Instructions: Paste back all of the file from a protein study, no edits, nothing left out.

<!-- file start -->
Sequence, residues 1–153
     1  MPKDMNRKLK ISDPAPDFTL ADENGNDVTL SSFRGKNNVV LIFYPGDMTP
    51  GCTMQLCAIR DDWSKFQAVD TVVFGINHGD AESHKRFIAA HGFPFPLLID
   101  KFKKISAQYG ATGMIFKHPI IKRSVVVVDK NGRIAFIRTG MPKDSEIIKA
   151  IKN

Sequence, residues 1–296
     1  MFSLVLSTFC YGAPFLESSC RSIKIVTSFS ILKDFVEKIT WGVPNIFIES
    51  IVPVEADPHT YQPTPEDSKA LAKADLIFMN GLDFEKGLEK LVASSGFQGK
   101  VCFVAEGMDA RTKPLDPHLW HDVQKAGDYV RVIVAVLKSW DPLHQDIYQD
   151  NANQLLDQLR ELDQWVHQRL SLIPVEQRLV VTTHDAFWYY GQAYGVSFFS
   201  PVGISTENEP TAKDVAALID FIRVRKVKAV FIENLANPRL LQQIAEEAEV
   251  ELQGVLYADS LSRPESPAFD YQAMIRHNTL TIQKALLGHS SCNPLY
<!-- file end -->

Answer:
Sequence, residues 1–153
     1  MPKDMNRKLK ISDPAPDFTL ADENGNDVTL SSFRGKNNVV LIFYPGDMTP
    51  GCTMQLCAIR DDWSKFQAVD TVVFGINHGD AESHKRFIAA HGFPFPLLID
   101  KFKKISAQYG ATGMIFKHPI IKRSVVVVDK NGRIAFIRTG MPKDSEIIKA
   151  IKN

Sequence, residues 1–296
     1  MFSLVLSTFC YGAPFLESSC RSIKIVTSFS ILKDFVEKIT WGVPNIFIES
    51  IVPVEADPHT YQPTPEDSKA LAKADLIFMN GLDFEKGLEK LVASSGFQGK
   101  VCFVAEGMDA RTKPLDPHLW HDVQKAGDYV RVIVAVLKSW DPLHQDIYQD
   151  NANQLLDQLR ELDQWVHQRL SLIPVEQRLV VTTHDAFWYY GQAYGVSFFS
   201  PVGISTENEP TAKDVAALID FIRVRKVKAV FIENLANPRL LQQIAEEAEV
   251  ELQGVLYADS LSRPESPAFD YQAMIRHNTL TIQKALLGHS SCNPLY